As a kid, I was the careful child, always sticking to the rules and pleasing people. In many ways my approach to art reflected these personality traits. I became a perfectionist in my work, with the end product being the most important thing. This type of art is more concerned with the response of others than the joy and wonder of creating. My perfectionist approach led me to hone my skills in the style I had developed. It was a safe place, I knew what I could achieve and that I had customers to buy all I produced. Yet in many ways it brought me to a place of emptiness and dissatisfaction, I think best described as a dead end!
Today I was presented with a different route, it was a road I was not familiar with, a road of risk, excitement, full of questions and the unknown. To learn to draw with paint not paint with paint seemed such a logical statement yet I hadn’t a clue what the end result would look like. I always associated ‘freedom, expression and looseness’ with a disconnection from the brain, i.e. when your hand moves independent of thinking. However I don’t think that is the case, I think it is exactly the opposite. I love the quote by Albert Einstein, ‘Creativity is intelligence having fun’. The process of creating is harnessing one’s knowledge, training and experience, then allowing it run free.
Emmm….these statements sound great but the actual physical process always has a huge question mark over it! For someone who logically works things out with it neatly presented and in order, running free sounded like a scary and messy concept! I decided to help myself in this step forward by changing my brushes. It seemed logical to me that if my hard drawing tools (graphite pencils) gave me a free, energetic mark perhaps my brushes were too soft. I needed to toughen them up a bit! So as I sat on the cliff edge at St Abbs Head, I took a pair of scissors and snipped the ends of some brushes to make them stiff and stumpy. It certainly made me think differently but frustratingly the brushes didn’t hold the paint efficiently despite giving me a different mark. I think in hindsight, this was a very simplistic view, if I changed the tool I would achieve the mark. Of course it is not all about the brush but how you use it!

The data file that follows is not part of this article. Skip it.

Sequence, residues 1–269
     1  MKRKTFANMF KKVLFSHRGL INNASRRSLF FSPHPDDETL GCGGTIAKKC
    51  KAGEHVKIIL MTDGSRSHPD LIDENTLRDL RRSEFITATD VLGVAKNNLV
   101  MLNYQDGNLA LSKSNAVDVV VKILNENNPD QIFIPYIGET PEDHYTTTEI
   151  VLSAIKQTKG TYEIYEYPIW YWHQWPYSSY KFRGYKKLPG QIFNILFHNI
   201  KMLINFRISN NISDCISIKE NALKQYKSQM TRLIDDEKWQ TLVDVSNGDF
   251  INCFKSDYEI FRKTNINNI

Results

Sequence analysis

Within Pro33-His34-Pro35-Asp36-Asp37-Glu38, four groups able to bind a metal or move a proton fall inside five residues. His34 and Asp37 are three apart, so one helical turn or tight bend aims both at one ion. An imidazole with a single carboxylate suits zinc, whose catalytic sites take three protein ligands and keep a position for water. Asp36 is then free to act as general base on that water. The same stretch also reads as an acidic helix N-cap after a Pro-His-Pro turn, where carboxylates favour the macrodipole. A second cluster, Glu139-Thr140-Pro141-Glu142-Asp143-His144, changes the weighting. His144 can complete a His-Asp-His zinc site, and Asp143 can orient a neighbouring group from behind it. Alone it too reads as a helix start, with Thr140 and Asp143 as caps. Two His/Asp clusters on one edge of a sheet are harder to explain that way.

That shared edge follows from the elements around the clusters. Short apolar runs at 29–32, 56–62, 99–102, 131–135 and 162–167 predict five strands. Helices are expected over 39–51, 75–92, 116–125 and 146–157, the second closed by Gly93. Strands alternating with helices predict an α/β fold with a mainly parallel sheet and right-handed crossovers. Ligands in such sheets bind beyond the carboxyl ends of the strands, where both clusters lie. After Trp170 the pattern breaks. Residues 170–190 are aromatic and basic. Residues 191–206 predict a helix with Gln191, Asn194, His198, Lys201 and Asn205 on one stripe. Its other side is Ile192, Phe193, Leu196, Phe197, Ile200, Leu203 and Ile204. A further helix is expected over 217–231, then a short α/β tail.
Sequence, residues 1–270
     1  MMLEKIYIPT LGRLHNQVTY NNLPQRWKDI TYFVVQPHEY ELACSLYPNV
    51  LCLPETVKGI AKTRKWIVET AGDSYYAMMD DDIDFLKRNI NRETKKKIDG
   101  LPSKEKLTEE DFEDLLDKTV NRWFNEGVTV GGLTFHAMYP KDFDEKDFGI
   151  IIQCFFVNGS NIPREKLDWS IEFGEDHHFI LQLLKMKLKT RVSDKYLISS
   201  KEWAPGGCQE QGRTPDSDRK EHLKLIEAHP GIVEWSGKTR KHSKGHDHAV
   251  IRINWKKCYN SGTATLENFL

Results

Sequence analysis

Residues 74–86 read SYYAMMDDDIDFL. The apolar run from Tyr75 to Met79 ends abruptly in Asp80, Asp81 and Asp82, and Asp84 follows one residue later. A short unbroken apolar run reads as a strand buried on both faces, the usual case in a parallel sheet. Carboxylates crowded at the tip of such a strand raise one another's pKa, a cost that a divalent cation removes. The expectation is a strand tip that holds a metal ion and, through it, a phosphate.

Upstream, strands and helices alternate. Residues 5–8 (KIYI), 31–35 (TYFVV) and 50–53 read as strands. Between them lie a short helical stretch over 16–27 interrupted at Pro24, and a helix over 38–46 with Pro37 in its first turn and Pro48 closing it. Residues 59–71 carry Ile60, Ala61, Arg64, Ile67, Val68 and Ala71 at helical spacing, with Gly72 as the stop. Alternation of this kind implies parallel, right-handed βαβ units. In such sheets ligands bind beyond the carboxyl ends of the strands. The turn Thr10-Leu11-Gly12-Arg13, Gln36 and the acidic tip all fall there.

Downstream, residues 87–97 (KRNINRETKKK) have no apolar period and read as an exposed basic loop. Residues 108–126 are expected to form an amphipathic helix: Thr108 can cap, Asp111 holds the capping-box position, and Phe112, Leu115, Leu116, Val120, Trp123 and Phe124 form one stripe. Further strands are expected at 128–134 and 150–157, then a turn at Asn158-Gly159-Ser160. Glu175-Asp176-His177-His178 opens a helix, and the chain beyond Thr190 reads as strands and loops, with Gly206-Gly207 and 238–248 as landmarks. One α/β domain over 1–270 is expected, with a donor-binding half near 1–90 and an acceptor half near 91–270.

I did like the marks I put down and could see they were expressive with more life and vitality. However they still didn’t quite tick the boxes for me. I wasn’t sure why or what was missing but I knew I had achieved a massive step forward that day.